Tuesday, 24 June 2008
THE MOLLWITZ CAMPAIGN
Following Frederick’s invasion and occupation of much of Silesia during the winter of 1740 – 41 the Austrian high command charged General Neipperg with its recovery. At the end of March 1741 he led 15,000 Austrian reinforcements into Upper Silesia. The Prussians were still dispersed in winter quarters and this move caught them by surprise.
Neipperg advanced slowly through the mountain snow and did not reach Nysa until 5 April. His force, now numbering 19,000, was enthusiastically welcomed by the citizenry who proclaimed the Austrians as liberators. Both troops and commander were supremely confident of victory, (Austrian hussars had taken to bleating “bah, bah” at the Prussians they encountered), so instead of taking time to rest, the force advanced to the town of Mollwitz where they found the protestant population far less helpful and welcoming.
Meanwhile the Prussians had not remained inactive. Frederick had ordered any troops blocking the advance of the Austrians not to risk an engagement. Instead they were to fall back whilst the two main bodies of Prussian troops under the command of himself and Schwerin found time to concentrate. When on 10 April this united force of 21,600 marched unexpectedly from the south of Mollwitz, thus placing itself between the Austrians and their Moravian base, it was the Austrians who were surprised.
Any advantage the Prussians had achieved was now lost as they took an absurdly long time to carefully, and as it happened imprecisely, to deploy. This gave the Austrians time to hurriedly form an infantry line under the cover of a cavalry screen.
The first of many battles between the forces of Maria Theresa and Frederick was about to begin…………
SET UP AND RULES
This scenario was written specifically for use with Piquet (as are most of my scenarios). Coverting it for other rule sets will be fairly easy providing that special rules for "Frederick leaves the field" and "Occupying Mollwitz" can be devised.
INITIAL DISPOSITIONS AND SCALES
The deployment map shows the battle as set up for my own 25mm figures on a 10’ x 6’ table where a typical 4 stand 16 man infantry unit has a frontage of 16cm.
Each unit represents approximately 2 cavalry regiments or 4 infantry battalions. Consequently the troop ratios are slightly out, especially with regards to the cavalry formations of either side (See Deployment Map Key for actual composition).
Romer’s cavalry has been deployed in the position it took after being bombarded by Prussian artillery and just prior to its first attack. This is key to game balance. Romer’s
rear line cavalry are in column of route.
NOTES ON TERRAIN
The snowfields (readers will notice that snow in my world is green) of Mollwitz are flat. The streams are bounded by boggy ground but I have assumed this would have been frozen solid and, consequently, easy to traverse.
MAP KEY AND ORBATS (One for the Austrians, One for the Prussians).
Sequence decks are as per the standard Piquet Cartouche supplement except that the Prussians side has a Charismatic Leader card added. (See below).
FREDERICK LEAVES THE FIELD.
Following Romer’s successful attack Frederick was advised to leave the field lest he be captured. He did so, on a horse later called “The Mollwitz Grey”. To simulate this when the Charismatic Leader card is turned the Prussian player must roll a d12 Vs his total number of destroyed or routed units and leaders. If the check is failed Frederick leaves the field. If he leaves the field or is killed 2 dress the lines cards must be added to the Prussian deck and 5 morale chips are lost. The 2nd in command is Schwerin who must supersede command in the usual way.
Although the Austrian commanders are confident, their infantry is not. If, at any time, they choose to occupy the buildings of Mollwitz, the army will deem the move to be a retreat in the face of the enemy and their morale might be shattered. If Austrian infantry occupy Mollwitz before the Prussians roll D6 and D8: The result is the number of morale chips lost by the Austrians.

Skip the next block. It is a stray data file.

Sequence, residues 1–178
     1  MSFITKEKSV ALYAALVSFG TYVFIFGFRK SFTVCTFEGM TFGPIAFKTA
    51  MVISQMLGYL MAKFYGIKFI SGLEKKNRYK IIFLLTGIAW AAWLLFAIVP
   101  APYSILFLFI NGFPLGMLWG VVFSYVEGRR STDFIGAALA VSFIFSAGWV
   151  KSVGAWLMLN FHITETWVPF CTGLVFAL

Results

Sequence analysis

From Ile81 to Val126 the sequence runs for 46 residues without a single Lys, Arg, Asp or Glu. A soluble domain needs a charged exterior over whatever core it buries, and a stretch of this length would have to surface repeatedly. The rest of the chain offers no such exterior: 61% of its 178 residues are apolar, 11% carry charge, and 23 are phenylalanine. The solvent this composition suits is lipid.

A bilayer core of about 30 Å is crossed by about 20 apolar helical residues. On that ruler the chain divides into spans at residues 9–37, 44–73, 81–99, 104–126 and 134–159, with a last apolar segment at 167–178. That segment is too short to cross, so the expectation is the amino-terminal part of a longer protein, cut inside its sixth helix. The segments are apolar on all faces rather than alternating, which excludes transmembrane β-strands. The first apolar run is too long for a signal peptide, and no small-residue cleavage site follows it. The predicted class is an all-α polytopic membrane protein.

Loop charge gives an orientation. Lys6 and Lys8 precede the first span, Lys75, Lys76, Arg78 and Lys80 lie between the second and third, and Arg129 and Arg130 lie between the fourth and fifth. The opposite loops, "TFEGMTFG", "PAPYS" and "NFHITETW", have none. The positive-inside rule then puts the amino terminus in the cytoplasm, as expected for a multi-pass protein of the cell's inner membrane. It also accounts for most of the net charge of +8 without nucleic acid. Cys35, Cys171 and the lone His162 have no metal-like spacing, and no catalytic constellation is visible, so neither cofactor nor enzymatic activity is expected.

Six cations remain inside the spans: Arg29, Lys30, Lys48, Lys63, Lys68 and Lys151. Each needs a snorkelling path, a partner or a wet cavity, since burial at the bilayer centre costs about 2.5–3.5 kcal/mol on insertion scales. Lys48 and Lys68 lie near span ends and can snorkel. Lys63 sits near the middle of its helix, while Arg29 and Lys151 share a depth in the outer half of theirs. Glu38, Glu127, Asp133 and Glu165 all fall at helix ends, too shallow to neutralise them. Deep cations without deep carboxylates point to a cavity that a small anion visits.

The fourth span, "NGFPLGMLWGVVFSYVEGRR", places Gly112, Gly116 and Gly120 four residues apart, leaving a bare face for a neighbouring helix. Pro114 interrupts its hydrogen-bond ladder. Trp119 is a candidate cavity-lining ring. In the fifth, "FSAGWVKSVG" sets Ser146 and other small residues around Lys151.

This is a very hard battle for the Austrians to win especially as their infantry is so poor (they were described as raw recruits and militia). To win the Austrians, must stay on the field for 7 turns (until nightfall), voluntary withdrawal off table is not allowed, and they must inflict at least 66% as many casualties, in units destroyed and routed, as they suffer. Anything less is a Prussian victory.
FIGURES AND OTHER BITS
All figures are Front Rank or Wargames Foundry. All were Painted in enamels by Olicana Painting Services (that would be me). Terrain tiles by TSS. Trees and walls mainly by Last Valley. Streams scratch made from the perspex sides of an old shower unit. Roads scratch made from fibre glas sheet, polyfiller and scatter. Building scratch made from card and polyfiller.
Sunday, 22 June 2008
About 18 months ago I finally decided to put off starting a Napoleonic collection for a couple of years. This was mainly down to my last project, the Great Italian Wars, which put me off the idea of painting complex uniforms for pleasure, for a while. I think it was the Landsknechts – or was it the Gendarmes?
Thus I started collecting figures for the First Crusade and early Kingdom of Jerusalem period. All that mail and little equipment – lovely! My Franks are now well on the way to completion, so I thought I would keep you apprised of the current state of progress.
The total collection, that is to say figures ‘in the cupboard’, I may need a few more knights, comprises:
Knights: 2 units. Each 18 figures based on 4 60mm wide 90mm deep stands. (Painted and based)
Hospitallar: 1 half unit. 9 figures based on 2 60mm wide 90mm deep stands.
Turcopoles: 2 units. Each 12 figures based on 4 60mm wide 90mm deep stands. (Painted and based)
Heavy infantry: 5 units. Each 30 figures based on 4 60mm wide 60mm deep stands. Three units have integral crossbows, 2 units have integral simple bows. (Painted and based)
Sailors: 1 unit. 20 figures based on 4 60mm wide 60mm deep stands. (Painted and based)
Pilgrims: 4 units. Each 20 figures based on 4 60mm wide 60mm deep stands.
Command stands: 4. Each 3 – 5 figures based on a 40mm wide 90mm deep stand. (3 painted and based)
FIGURES: All the figures are Perry Miniatures 28mm. All figures painted with enamels, mainly humbrols.
BASES: Bases are 4mm thick ply. Basic scatter is a 50/50 mix of fine child’s sandpit sand and pet shop ground oyster shell grit. Small rocks are cat litter, large rocks are cork. This has been stained with diluted acrylic ink then dry brushed with enamels. Grass scatter is Woodland Scenic stuff, mainly coarse turfs.
I am now having a break from the Christians and ploughing through a large pile of Saracen cavalry. When the finished product is as numerous as the Franks, I’ll put up some photos and army composition etc.